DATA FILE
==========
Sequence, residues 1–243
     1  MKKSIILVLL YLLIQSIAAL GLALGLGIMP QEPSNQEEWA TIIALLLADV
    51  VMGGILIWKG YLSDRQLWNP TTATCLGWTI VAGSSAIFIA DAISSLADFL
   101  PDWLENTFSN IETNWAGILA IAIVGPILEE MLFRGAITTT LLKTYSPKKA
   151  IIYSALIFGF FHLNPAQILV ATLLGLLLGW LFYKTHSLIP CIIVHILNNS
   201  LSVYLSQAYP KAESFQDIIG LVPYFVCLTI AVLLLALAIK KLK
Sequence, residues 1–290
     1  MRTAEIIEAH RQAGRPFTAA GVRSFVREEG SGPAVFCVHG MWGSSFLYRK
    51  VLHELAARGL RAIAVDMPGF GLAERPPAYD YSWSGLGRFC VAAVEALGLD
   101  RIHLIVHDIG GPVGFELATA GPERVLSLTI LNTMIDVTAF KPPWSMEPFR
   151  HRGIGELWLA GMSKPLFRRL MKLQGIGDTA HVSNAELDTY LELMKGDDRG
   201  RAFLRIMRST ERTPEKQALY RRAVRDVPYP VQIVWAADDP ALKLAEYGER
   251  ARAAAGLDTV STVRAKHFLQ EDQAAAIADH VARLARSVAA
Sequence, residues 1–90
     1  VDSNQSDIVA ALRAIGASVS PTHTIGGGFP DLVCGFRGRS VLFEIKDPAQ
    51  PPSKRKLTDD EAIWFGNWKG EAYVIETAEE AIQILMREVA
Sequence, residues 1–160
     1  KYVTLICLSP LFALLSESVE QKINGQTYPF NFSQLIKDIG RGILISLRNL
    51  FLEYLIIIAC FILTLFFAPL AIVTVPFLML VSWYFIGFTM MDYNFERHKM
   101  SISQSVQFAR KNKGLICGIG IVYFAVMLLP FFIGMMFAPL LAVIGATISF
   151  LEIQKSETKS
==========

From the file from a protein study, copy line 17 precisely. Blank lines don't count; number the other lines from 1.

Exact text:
Sequence, residues 1–160